As Election 2016 demonstrated, we live at a time of moral outrage. Partisans framed the political choice as between a criminally corrupt politician and a serial sex offender – even though neither candidate had been formally charged with, much less convicted of, such crimes. Social media streams burst their banks with indignity. Everyone stood in judgment.
My friend Dov Seidman, who advises companies on how to build ethical cultures, says this excess of outrage is partly a byproduct of modern technology. The philosopher David Hume wrote that “moral imagination diminishes with distance.” But technology has made us all closer, putting the world at our fingertips and enabling us, in Seidman’s words, to “experience the dreams, frustrations, plights, and behavior of others directly and viscerally.” Moral imagination has exploded as a result.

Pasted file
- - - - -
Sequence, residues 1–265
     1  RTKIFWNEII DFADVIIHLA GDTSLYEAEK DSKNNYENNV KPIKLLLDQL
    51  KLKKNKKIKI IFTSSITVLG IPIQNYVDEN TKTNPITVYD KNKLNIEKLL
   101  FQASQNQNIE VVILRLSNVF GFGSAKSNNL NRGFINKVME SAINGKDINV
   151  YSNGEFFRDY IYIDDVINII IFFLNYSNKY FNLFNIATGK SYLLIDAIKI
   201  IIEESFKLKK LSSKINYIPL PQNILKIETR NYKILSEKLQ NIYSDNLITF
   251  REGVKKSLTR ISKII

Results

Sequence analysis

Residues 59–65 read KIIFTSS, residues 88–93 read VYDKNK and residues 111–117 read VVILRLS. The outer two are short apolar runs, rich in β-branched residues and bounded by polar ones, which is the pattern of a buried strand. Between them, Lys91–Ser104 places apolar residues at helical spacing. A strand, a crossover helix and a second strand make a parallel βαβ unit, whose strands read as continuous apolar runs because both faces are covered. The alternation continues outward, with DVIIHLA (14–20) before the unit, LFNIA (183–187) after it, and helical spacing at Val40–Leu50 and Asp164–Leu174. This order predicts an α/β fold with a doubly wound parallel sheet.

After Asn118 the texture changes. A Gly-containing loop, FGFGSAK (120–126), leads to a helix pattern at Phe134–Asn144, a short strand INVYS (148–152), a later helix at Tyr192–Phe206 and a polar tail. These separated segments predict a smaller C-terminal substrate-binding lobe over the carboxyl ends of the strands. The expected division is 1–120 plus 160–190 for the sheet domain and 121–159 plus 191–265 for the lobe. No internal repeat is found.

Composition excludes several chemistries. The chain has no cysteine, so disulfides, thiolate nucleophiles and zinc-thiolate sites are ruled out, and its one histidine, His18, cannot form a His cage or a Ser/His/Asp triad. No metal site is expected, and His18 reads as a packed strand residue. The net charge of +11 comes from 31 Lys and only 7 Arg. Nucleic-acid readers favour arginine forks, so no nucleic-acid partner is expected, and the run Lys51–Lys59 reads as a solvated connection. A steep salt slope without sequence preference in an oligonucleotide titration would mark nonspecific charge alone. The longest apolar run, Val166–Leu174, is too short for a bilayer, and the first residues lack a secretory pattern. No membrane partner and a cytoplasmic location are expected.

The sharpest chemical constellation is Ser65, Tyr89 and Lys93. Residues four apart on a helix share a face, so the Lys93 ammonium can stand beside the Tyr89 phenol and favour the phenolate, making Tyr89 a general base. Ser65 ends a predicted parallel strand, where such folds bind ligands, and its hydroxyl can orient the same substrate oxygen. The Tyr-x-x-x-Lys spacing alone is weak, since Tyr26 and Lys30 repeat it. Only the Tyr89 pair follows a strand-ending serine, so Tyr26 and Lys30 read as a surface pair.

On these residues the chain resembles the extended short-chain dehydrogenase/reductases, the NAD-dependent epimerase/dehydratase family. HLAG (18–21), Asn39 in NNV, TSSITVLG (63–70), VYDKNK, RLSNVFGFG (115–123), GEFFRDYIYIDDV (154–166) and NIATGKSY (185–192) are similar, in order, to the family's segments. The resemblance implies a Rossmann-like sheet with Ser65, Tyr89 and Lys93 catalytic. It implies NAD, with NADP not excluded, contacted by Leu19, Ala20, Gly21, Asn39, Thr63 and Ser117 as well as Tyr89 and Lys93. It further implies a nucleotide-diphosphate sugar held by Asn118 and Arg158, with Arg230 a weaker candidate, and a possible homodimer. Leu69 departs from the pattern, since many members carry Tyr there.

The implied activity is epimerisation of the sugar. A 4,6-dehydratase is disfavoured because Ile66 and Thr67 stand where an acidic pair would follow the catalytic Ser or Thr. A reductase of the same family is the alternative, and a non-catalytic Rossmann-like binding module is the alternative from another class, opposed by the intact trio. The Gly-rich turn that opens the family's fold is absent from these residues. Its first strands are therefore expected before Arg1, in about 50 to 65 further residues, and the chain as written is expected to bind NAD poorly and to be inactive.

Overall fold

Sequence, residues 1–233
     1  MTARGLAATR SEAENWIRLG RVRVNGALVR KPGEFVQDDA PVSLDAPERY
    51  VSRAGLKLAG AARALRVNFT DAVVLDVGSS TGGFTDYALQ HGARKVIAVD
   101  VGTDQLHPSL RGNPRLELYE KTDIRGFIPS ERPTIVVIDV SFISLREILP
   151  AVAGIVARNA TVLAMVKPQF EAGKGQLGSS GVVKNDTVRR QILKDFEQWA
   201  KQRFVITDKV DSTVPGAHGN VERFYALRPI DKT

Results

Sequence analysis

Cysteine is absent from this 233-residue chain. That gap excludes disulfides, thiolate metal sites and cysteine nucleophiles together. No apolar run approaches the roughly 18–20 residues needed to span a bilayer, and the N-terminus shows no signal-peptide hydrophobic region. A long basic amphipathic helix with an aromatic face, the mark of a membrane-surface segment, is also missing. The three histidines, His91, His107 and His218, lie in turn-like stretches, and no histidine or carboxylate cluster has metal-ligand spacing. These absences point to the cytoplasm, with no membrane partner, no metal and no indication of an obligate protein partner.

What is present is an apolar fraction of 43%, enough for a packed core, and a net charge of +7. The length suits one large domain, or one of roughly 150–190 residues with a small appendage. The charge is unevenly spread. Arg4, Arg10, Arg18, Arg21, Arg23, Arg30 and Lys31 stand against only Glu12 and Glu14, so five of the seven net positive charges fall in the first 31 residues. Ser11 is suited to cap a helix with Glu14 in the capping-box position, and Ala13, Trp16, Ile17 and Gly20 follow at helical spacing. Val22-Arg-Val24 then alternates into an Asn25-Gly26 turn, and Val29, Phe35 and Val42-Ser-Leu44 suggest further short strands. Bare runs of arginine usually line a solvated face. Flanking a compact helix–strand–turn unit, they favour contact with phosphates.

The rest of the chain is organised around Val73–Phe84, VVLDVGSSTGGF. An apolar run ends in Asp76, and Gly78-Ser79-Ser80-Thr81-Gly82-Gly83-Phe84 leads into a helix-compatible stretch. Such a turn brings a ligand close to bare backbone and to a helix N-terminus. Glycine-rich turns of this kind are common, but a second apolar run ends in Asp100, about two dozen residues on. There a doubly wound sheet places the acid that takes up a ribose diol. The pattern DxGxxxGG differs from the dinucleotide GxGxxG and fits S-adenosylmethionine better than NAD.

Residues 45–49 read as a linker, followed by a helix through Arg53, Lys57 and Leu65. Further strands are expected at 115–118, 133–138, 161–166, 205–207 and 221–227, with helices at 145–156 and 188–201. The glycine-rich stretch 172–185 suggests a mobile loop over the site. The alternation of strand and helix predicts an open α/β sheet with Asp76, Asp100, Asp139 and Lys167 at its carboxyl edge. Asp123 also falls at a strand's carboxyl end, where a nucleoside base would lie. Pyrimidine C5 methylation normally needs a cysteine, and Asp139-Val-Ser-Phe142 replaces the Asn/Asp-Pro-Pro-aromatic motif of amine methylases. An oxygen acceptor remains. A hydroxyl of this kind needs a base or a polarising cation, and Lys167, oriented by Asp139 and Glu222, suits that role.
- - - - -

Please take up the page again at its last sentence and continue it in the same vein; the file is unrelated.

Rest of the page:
For business leaders, as with political leaders, the implications of this are profound. Being a “good” corporate leader once meant delivering results to shareholders. Today, that’s necessary, but not sufficient. CEOs being held by their employees, customers and the communities in which they operate to a new and higher moral standard. They need, Seidman believes, "a moral framework and North Star” to guide their thinking and their choices.
That’s one reason we have selected Rome and the Vatican as the site for the 2016 Fortune + Time Global Forum. We don’t necessarily subscribe to all of Pope Francis’s views on business and capitalism. But we do think he is one of the few leaders who still commands moral authority in the world. And there is a lesson there for others.
You can read more about the Forum in the December issue of the magazine. My editor’s note for that issue is online here. And there is more news below.
Enjoy the weekend.